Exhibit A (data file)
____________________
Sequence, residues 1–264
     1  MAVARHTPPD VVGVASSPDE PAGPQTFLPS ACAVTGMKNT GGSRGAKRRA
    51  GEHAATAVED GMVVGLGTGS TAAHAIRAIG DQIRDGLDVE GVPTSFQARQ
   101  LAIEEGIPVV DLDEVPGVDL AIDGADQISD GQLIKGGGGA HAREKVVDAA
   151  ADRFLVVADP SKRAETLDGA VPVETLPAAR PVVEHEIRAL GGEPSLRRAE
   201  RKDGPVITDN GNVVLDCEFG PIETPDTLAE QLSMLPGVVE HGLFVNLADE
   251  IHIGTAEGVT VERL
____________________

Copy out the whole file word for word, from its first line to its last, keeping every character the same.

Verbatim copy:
Sequence, residues 1–264
     1  MAVARHTPPD VVGVASSPDE PAGPQTFLPS ACAVTGMKNT GGSRGAKRRA
    51  GEHAATAVED GMVVGLGTGS TAAHAIRAIG DQIRDGLDVE GVPTSFQARQ
   101  LAIEEGIPVV DLDEVPGVDL AIDGADQISD GQLIKGGGGA HAREKVVDAA
   151  ADRFLVVADP SKRAETLDGA VPVETLPAAR PVVEHEIRAL GGEPSLRRAE
   201  RKDGPVITDN GNVVLDCEFG PIETPDTLAE QLSMLPGVVE HGLFVNLADE
   251  IHIGTAEGVT VERL